In war, truth is the first casualty.
avid L. Anderson writes in The Columbia Guide to the Vietnam War
"The American War in Vietnam is filled with ironies. There are, for example, some striking parallels in the histories of the two countries. In the eighteenth century, the United States fought for and gained its independence in an anti-colonial war against a European mercantilist power. The United States struggled both before and after its independence to achieve national unity and went through a bloody civil war between North and South."1
Though parallels can be drawn between the historical experiences of the United States and Vietnam, they are not especially meaningful. To begin with, the United States did not fight its "anti-colonial war" during the height of the Cold War. The American Civil War did not involve a global super-power third party. And though the American Civil War was the first war in which photography had a significant impact, it certainly was not broadcast on television.
Vietnam (which was never formally declared a war) is often characterized as the "living-room war" or the "television war." It was the first war to be systematically televised, and it was so televised during a period when television was becoming a more compelling presence in American life. A survey conducted in 1964 revealed that Americans depended equally on television and newspapers for information. By 1972, the percentage of Americans who relied primarily on television for their news had jumped significantly. But more importantly, respondents had actually come to trust television more than they trusted newspapers. When faced with conflicting or contradictory accounts, 48% of those surveyed responded that they would trust television, while only 21% responded that they would trust newspapers.2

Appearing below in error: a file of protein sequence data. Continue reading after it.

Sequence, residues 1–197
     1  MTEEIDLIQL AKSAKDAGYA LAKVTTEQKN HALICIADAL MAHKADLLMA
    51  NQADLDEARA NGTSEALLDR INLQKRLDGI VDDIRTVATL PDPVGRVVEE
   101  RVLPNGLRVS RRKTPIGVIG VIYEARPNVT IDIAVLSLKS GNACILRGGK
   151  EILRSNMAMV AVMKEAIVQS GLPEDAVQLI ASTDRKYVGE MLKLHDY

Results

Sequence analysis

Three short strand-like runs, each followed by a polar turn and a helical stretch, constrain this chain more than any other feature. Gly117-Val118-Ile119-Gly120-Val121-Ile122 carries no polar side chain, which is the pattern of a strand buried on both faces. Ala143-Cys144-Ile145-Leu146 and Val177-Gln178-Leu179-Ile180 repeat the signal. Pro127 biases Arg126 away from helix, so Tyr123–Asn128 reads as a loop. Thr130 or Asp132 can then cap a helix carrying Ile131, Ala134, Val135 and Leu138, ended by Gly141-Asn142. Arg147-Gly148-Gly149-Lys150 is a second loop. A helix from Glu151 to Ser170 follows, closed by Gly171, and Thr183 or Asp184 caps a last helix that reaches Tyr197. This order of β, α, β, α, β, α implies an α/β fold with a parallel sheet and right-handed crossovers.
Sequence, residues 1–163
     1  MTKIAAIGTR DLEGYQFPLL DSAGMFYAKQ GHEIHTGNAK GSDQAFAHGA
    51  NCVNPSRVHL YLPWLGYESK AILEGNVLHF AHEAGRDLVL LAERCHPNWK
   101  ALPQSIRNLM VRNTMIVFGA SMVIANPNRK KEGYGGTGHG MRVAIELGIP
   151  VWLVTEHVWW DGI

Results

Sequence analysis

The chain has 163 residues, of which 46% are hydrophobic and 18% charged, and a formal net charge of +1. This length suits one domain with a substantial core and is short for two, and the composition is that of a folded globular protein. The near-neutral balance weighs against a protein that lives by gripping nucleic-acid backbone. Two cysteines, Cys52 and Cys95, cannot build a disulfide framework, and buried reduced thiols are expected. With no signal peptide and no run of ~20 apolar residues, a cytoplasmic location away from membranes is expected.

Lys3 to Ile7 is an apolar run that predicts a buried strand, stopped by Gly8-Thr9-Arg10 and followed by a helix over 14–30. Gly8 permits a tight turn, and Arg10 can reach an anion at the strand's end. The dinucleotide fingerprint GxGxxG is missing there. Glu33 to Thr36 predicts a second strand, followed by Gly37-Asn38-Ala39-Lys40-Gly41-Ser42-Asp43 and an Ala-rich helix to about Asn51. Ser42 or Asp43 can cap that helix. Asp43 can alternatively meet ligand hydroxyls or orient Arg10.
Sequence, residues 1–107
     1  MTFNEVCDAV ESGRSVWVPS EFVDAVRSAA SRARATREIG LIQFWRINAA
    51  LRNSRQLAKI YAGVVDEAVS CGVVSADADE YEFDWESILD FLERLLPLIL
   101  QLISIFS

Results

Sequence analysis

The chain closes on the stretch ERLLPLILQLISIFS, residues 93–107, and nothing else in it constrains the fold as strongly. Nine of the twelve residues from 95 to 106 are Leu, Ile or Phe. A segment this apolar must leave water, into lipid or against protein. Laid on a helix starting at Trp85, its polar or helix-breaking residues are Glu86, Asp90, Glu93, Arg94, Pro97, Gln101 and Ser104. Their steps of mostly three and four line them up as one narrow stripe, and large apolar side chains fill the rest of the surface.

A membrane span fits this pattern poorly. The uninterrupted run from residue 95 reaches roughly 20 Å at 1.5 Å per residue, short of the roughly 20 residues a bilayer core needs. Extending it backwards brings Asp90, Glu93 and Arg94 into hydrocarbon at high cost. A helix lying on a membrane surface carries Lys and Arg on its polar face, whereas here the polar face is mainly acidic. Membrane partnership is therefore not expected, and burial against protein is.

These statistics attest to the growing power of television that occurred during the Vietnam era. Though many have suggested some kind of correlation between television's ascendancy and coverage of Vietnam, the impact of seeing war on television is difficult to determine. Some scholars argue that televised combat footage forced civilians to confront the dirty realities of war (contrary to popular belief, actual combat footage constituted a relatively small proportion of television coverage). Others argue that television was unable to convey the true nature of war; Michael Arlen writes,
"I don't for a moment suggest that the networks should stop showing film of men in combat-although I can't say I completely agree with people who think that when battle scenes are brought into the living room the hazards of war are necessarily made 'real' to the civilian audience. It seems to me that by the same process they are also made less 'real'-diminished, in part, by the physical size of the television screen, which, for all the industry's advances, still shows one a picture of men three inches tall shooting at other men three inches tall, and trivialized, or at least tamed, by the enveloping cozy alarums of the household."3
A comprehensive discussion of either the representation of reality or the total impact of television coverage of the war on the domestic audience (or the historical events that may or may not have been the result of such impact) is beyond the scope of this paper. Rather, the focus is on television's cultural role during the Vietnam War--not so much the perceived reality of war imagery, but the content and context of the war coverage itself. Why did television news media repeatedly capitulate to official statements? If television "brought home" the reality of war each night, why did eight years pass from escalation in 1965 to the cease-fire in 1973? Why did television news only begin to adopt a more adversarial position after the Tet offensive, when much of the public had already become disillusioned with the war? Television coverage of Vietnam, abetted by the particular characteristics of the medium itself and the network news format, reinforced Cold War ideology by marginalizing dissent, by emphasizing American exceptionalism and the trope of the frontier, and by relegating the Vietnamese to the enemy "other." This historical "event" is indicative of a larger process by which ideology becomes internalized--how cultural myths and symbols resonate with subordinate groups and sustain hegemonic power.